Out-of-town golf fans looking for a place to stay during next month’s U.S. Open at Chambers Bay still have options, but only if they’re willing to pay country-club prices.
Hotel and motel rooms in the greater Pierce County area are getting hard to find, and those yet available cost a pretty penny: upwards of $499 per night for a no-frills room in Tacoma that usually goes for a third as much.
Folks willing to spend tens of thousands have more lodging choices, including an 84-foot luxury yacht replete with personal chef and six-person hot tub, but the people offering such accommodations are losing hope they’ll be able to cash in as the event nears.
“I think a lot of people made reservations way in advance, like a year ago,” said Maryann Schuler, an Anderson Island-based property manager who’s marketing 11 houses for rent during the U.S. Open. “It’s hard to say if there will be a last-minute rush.”
Never miss a local story.
Jo Thompson is manager of the Shilo Inn & Suites in Tacoma and president of the Pierce County Lodging Association.
Thompson said last week the rush actually took place almost three years ago, not long after the USGA announced it would hold the U.S. Open at Chambers Bay, the links-style course owned by Pierce County in University Place.
USGA officials, members of the sports media, professional golfers, caddies and VIPs quickly began snapping up rooms, Thompson said. County officials estimated those folks would need as many as 4,300 rooms themselves.
“We’ve been booked for almost three years,” Thompson said.
USGA officials said another 5,000 or so rooms would be needed for the estimated 235,000 spectators expected to descend on University Place during the U.S. Open’s June run, many from out of town.
A January survey conducted by the Tacoma Regional Convention & Visitor Bureau showed that hotels and motels in the Pierce County region were reporting that 74 percent to 87 percent of their rooms already were reserved for June 15-21, the week of the U.S. Open.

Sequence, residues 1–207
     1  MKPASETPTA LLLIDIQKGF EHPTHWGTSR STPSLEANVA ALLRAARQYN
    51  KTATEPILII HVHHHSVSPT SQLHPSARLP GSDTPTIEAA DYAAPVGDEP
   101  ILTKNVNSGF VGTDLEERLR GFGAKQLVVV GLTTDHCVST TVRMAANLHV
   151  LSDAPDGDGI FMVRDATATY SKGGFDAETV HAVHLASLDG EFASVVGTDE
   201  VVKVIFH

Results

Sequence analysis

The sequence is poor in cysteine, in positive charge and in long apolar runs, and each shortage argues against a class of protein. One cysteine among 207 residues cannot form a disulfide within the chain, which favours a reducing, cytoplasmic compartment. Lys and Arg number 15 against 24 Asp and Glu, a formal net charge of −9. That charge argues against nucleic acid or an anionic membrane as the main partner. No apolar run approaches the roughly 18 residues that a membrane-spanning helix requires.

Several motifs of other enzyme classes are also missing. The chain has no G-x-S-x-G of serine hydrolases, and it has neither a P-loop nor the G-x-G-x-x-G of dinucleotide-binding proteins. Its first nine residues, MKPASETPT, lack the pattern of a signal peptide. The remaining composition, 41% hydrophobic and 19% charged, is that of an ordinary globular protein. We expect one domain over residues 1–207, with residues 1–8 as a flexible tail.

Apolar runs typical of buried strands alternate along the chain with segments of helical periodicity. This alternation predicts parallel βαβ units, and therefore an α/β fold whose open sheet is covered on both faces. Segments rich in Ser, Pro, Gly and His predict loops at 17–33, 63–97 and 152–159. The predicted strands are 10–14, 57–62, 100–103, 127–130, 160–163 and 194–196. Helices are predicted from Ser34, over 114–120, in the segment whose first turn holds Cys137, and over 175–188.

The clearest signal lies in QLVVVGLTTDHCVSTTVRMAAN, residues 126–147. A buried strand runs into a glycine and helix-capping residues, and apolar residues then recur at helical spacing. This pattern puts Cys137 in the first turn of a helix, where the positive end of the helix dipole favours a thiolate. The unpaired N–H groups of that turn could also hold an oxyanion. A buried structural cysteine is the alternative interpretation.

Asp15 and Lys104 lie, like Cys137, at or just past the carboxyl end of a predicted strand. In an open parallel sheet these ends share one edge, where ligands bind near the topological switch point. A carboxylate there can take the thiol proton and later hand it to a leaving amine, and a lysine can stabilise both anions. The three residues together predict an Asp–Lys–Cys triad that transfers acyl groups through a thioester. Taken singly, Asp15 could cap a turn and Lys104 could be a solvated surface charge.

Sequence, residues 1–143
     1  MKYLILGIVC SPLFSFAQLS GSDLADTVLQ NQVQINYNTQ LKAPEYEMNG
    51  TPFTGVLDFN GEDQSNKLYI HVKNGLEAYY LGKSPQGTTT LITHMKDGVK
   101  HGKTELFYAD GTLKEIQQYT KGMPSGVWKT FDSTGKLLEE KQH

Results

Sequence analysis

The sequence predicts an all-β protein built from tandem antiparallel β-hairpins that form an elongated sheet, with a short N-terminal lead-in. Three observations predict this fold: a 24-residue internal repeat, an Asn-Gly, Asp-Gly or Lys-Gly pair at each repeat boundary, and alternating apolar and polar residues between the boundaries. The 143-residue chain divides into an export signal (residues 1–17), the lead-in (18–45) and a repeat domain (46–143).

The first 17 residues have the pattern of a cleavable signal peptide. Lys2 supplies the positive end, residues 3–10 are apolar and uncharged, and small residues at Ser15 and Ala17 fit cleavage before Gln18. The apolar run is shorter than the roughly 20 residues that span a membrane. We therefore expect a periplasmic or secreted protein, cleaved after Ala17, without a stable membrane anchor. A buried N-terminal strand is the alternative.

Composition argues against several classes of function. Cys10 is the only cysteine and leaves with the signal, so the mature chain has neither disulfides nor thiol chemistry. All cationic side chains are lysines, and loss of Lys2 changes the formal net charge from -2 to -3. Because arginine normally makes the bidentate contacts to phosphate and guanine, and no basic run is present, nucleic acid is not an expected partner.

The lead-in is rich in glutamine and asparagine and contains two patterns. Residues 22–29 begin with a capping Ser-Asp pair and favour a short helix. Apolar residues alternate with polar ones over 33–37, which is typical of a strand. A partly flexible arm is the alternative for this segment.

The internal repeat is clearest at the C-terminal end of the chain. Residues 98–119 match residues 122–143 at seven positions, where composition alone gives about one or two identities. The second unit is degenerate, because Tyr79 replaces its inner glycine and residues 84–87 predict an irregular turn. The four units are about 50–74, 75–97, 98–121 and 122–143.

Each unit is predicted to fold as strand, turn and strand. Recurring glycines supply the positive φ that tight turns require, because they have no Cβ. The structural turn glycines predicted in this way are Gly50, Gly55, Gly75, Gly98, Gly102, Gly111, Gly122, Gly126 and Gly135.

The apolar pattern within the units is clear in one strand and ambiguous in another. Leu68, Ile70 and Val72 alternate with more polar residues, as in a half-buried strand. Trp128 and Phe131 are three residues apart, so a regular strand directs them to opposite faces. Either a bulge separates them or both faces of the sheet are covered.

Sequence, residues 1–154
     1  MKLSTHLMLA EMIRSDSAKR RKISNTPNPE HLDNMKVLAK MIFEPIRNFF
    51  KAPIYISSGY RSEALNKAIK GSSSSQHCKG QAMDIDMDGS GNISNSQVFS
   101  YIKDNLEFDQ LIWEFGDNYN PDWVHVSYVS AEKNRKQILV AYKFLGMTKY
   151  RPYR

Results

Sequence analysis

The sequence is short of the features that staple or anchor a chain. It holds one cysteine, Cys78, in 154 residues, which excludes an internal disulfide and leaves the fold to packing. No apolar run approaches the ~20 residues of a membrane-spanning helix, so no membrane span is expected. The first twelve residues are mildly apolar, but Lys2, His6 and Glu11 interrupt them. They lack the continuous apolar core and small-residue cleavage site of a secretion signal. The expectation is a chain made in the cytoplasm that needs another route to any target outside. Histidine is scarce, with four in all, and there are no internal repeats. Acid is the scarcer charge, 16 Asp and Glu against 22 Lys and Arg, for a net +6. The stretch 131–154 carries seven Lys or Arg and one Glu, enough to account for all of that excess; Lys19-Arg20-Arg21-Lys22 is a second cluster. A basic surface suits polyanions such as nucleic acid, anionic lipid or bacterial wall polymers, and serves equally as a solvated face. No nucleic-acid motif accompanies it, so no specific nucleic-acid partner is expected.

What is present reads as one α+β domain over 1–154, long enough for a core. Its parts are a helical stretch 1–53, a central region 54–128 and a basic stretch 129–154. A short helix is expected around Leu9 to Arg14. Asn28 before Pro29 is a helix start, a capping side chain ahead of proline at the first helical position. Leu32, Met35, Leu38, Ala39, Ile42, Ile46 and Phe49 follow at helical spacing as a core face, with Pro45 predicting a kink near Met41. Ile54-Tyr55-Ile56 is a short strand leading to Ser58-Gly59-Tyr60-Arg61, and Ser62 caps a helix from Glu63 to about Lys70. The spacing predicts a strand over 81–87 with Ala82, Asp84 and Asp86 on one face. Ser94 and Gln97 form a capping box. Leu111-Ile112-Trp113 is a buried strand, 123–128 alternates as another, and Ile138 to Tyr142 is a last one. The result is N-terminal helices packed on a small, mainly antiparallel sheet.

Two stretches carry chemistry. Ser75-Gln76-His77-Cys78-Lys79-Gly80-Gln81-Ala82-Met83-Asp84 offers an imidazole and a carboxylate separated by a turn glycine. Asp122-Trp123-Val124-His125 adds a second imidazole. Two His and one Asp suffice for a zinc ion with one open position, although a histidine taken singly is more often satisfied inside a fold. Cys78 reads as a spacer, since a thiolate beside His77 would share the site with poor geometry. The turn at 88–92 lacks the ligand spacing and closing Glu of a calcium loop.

Occupancy rates over the same week last year were 56 percent to 79 percent.
“’My projection is they will be much higher now,” said Bennish Brown, the bureau’s president and CEO. “We will see some tremendous impacts on the hotels.”
Revenues from lodging, retail sales and business-and-operations taxes associated with the U.S. Open are expected to raise about $600,000 for Pierce County, $440,000 for the City of Tacoma and a combined $153,000 for DuPont, Lakewood, Puyallup, Fife and Gig Harbor, according to the county’s Department of Economic Development.
“King County will see over $2 million in additional tax revenue because they have so many hotel rooms,” according to a July 2014 report prepared by the department.
An online check of availability last week showed that many of the region’s top hotels and motels — the Murano and Silver Cloud Inn, among them — are booked up during U.S. Open week.
Thompson said the same is true for most accommodations in Pierce, south King and north Thurston counties.